It was that time of year again, and a typical equinoctial gale was on its way. Algy decided that he had had enough of being buffeted and thrown about by the wind, so this time he took cover at the foot of a strange cliff near the end of the beach. As he perched on a low ledge, with his back firmly against the sheltering wall of rock, he thought of a poem by Emily Dicikinson:

The wind begun to rock the grass
With threatening tunes and low —
He flung a menace at the earth,
A menace at the sky.

The leaves unhooked themselves from trees
And started all abroad;
The dust did scoop itself like hands
And throw away the road.

The wagons quickened on the streets,
The thunder hurried slow;
The lightning showed a yellow beak,
And then a livid claw.

The birds put up the bars to nests,
The cattle fled to barns;
There came one drop of giant rain,
And then, as if the hands

That held the dams had parted hold,
The waters wrecked the sky,
But overlooked my father’s house,
Just quartering a tree.

[Algy is quoting a poem by the 19th century American poet Emily Dickinson.]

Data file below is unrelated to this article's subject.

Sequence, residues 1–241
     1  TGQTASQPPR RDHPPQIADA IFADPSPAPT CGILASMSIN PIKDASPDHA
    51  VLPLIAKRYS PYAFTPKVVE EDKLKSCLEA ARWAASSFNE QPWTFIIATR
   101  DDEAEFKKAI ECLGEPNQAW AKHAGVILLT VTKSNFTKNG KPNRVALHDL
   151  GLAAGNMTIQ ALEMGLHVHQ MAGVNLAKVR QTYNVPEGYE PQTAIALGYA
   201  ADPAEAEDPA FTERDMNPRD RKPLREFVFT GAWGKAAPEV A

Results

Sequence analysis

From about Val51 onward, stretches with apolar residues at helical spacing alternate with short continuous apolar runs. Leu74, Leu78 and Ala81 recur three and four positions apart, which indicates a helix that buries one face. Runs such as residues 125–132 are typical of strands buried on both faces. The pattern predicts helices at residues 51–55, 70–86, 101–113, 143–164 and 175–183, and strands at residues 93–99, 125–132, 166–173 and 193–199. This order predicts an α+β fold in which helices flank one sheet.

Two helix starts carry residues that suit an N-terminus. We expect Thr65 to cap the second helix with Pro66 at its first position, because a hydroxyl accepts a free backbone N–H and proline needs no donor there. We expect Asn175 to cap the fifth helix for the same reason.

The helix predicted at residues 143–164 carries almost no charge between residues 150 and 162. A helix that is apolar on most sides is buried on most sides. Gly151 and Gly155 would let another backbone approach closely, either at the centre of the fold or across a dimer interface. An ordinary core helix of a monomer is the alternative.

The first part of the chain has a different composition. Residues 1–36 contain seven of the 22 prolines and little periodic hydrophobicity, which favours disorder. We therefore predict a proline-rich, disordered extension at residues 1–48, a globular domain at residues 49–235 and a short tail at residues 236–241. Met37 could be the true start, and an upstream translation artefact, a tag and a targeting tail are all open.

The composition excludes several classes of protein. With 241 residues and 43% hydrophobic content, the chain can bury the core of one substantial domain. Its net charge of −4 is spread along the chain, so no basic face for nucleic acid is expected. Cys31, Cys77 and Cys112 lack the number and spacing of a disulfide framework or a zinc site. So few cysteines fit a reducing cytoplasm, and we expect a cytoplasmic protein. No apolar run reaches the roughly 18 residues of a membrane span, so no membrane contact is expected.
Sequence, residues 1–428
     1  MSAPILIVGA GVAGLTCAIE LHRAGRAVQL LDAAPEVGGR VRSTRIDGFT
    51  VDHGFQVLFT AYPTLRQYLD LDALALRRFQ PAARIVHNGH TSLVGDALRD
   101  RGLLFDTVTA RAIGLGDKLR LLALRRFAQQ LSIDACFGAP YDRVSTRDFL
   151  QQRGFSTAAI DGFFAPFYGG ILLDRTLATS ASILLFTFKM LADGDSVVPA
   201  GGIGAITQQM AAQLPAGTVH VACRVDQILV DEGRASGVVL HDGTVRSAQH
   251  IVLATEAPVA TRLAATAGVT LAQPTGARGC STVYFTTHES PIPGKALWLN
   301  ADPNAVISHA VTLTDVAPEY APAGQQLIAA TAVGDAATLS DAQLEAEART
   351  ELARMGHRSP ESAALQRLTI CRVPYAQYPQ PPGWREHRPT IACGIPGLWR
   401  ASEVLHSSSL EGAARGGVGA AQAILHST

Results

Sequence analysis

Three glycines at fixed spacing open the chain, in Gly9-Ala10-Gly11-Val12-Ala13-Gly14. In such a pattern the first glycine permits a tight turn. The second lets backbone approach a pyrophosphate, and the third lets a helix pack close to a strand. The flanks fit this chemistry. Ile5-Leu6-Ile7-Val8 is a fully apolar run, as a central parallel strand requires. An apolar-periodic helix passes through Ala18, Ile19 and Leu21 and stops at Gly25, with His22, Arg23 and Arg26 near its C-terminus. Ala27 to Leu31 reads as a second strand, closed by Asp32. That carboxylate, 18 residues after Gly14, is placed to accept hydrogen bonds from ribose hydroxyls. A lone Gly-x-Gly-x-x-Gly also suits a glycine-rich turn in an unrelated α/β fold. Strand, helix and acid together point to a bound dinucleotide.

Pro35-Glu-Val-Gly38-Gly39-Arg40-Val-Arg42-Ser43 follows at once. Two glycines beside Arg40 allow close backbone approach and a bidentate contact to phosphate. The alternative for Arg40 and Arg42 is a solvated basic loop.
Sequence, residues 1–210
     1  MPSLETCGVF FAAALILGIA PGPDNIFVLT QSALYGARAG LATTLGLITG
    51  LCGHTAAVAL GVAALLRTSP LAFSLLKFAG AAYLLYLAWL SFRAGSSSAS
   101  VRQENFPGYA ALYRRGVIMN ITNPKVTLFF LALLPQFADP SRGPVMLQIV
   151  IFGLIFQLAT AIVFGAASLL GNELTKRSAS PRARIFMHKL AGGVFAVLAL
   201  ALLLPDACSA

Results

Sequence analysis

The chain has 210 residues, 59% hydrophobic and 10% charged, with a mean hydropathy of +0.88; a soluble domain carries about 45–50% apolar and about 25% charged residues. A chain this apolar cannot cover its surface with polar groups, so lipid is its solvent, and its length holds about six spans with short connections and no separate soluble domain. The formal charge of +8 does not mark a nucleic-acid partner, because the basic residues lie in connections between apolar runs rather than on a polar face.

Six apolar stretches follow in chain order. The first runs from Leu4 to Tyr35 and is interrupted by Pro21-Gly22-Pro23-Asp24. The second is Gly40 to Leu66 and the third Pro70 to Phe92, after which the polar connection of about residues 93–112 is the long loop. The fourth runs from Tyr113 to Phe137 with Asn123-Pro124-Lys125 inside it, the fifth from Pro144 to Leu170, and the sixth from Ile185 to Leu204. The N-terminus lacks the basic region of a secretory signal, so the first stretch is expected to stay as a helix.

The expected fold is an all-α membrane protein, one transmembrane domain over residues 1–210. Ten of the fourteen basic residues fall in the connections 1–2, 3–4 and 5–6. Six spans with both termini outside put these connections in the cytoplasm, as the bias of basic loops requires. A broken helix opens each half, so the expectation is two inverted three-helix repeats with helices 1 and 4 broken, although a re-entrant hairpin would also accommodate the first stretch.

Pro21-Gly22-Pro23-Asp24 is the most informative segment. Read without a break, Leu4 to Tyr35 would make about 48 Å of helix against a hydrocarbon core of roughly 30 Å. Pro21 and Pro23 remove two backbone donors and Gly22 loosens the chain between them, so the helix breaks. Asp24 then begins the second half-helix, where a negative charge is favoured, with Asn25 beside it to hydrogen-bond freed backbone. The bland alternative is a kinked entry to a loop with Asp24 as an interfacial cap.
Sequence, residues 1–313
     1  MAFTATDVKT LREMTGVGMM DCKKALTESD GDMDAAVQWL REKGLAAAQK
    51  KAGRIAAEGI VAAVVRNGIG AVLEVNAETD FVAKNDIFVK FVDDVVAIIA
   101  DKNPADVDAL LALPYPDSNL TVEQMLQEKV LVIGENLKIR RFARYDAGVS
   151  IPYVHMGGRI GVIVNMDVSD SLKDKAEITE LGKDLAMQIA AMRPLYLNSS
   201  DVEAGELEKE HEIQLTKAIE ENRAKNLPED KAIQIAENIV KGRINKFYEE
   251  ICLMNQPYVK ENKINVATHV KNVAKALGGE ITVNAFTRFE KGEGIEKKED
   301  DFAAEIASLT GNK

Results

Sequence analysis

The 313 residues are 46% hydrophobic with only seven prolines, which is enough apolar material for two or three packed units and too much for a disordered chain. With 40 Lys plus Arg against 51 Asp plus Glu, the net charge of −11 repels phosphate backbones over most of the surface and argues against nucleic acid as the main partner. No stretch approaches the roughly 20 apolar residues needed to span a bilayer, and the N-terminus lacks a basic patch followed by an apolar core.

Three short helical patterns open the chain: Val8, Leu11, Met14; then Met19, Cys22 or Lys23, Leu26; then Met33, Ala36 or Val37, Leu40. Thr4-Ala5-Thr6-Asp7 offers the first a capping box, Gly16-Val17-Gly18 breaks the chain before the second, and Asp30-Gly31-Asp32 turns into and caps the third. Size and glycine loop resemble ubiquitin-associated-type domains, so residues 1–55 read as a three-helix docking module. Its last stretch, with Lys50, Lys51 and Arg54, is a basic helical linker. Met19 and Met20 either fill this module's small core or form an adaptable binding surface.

Algy has some beautiful Scottish heather for you! He can show you something of what it looks like, but he wishes that he could also send you the fragrance, because the heather smells of honey 🙂

As he perched in the heather bush, inhaling the sweet perfume, Algy thought about the changing seasons. The swallows and sand martins
had already left, and some of the leaves were beginning to turn. It was the autumnal equinox, and from now on the nights would be longer than the days. In this northern land, the days had already shortened dramatically, and before very long the hours of darkness would last from late afternoon until after breakfast-time, and the winter gales would start to batter Algy’s home again. It was time to start collecting dry leaves and flowers to line his nest for the winter!